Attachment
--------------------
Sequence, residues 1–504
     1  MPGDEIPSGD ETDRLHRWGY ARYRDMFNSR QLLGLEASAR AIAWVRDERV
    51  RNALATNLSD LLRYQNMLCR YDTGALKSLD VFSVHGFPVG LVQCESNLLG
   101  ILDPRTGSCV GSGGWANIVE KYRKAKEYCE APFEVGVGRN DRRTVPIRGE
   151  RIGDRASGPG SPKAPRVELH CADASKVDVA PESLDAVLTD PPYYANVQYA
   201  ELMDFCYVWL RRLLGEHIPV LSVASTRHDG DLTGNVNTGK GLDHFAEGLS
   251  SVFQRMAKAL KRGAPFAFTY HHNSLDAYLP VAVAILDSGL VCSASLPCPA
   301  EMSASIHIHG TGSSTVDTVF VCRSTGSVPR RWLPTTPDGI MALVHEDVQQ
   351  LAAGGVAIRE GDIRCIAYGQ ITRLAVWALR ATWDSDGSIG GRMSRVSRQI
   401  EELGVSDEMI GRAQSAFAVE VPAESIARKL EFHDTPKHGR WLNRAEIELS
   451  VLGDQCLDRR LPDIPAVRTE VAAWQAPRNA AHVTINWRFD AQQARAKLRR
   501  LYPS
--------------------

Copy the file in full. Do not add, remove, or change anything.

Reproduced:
Sequence, residues 1–504
     1  MPGDEIPSGD ETDRLHRWGY ARYRDMFNSR QLLGLEASAR AIAWVRDERV
    51  RNALATNLSD LLRYQNMLCR YDTGALKSLD VFSVHGFPVG LVQCESNLLG
   101  ILDPRTGSCV GSGGWANIVE KYRKAKEYCE APFEVGVGRN DRRTVPIRGE
   151  RIGDRASGPG SPKAPRVELH CADASKVDVA PESLDAVLTD PPYYANVQYA
   201  ELMDFCYVWL RRLLGEHIPV LSVASTRHDG DLTGNVNTGK GLDHFAEGLS
   251  SVFQRMAKAL KRGAPFAFTY HHNSLDAYLP VAVAILDSGL VCSASLPCPA
   301  EMSASIHIHG TGSSTVDTVF VCRSTGSVPR RWLPTTPDGI MALVHEDVQQ
   351  LAAGGVAIRE GDIRCIAYGQ ITRLAVWALR ATWDSDGSIG GRMSRVSRQI
   401  EELGVSDEMI GRAQSAFAVE VPAESIARKL EFHDTPKHGR WLNRAEIELS
   451  VLGDQCLDRR LPDIPAVRTE VAAWQAPRNA AHVTINWRFD AQQARAKLRR
   501  LYPS